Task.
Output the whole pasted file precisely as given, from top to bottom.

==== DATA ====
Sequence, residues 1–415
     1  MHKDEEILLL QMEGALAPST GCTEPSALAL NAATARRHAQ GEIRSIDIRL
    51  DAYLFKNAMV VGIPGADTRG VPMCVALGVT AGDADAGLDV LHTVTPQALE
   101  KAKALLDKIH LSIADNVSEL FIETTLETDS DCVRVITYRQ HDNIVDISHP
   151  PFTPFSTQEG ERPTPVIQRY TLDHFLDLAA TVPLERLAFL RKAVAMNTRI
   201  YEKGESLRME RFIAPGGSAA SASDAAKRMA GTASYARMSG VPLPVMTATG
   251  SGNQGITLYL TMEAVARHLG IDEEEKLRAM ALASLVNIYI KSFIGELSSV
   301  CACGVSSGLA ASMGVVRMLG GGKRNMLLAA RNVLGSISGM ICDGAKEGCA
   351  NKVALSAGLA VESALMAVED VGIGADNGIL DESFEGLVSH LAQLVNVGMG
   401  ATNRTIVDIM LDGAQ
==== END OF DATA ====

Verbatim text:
Sequence, residues 1–415
     1  MHKDEEILLL QMEGALAPST GCTEPSALAL NAATARRHAQ GEIRSIDIRL
    51  DAYLFKNAMV VGIPGADTRG VPMCVALGVT AGDADAGLDV LHTVTPQALE
   101  KAKALLDKIH LSIADNVSEL FIETTLETDS DCVRVITYRQ HDNIVDISHP
   151  PFTPFSTQEG ERPTPVIQRY TLDHFLDLAA TVPLERLAFL RKAVAMNTRI
   201  YEKGESLRME RFIAPGGSAA SASDAAKRMA GTASYARMSG VPLPVMTATG
   251  SGNQGITLYL TMEAVARHLG IDEEEKLRAM ALASLVNIYI KSFIGELSSV
   301  CACGVSSGLA ASMGVVRMLG GGKRNMLLAA RNVLGSISGM ICDGAKEGCA
   351  NKVALSAGLA VESALMAVED VGIGADNGIL DESFEGLVSH LAQLVNVGMG
   401  ATNRTIVDIM LDGAQ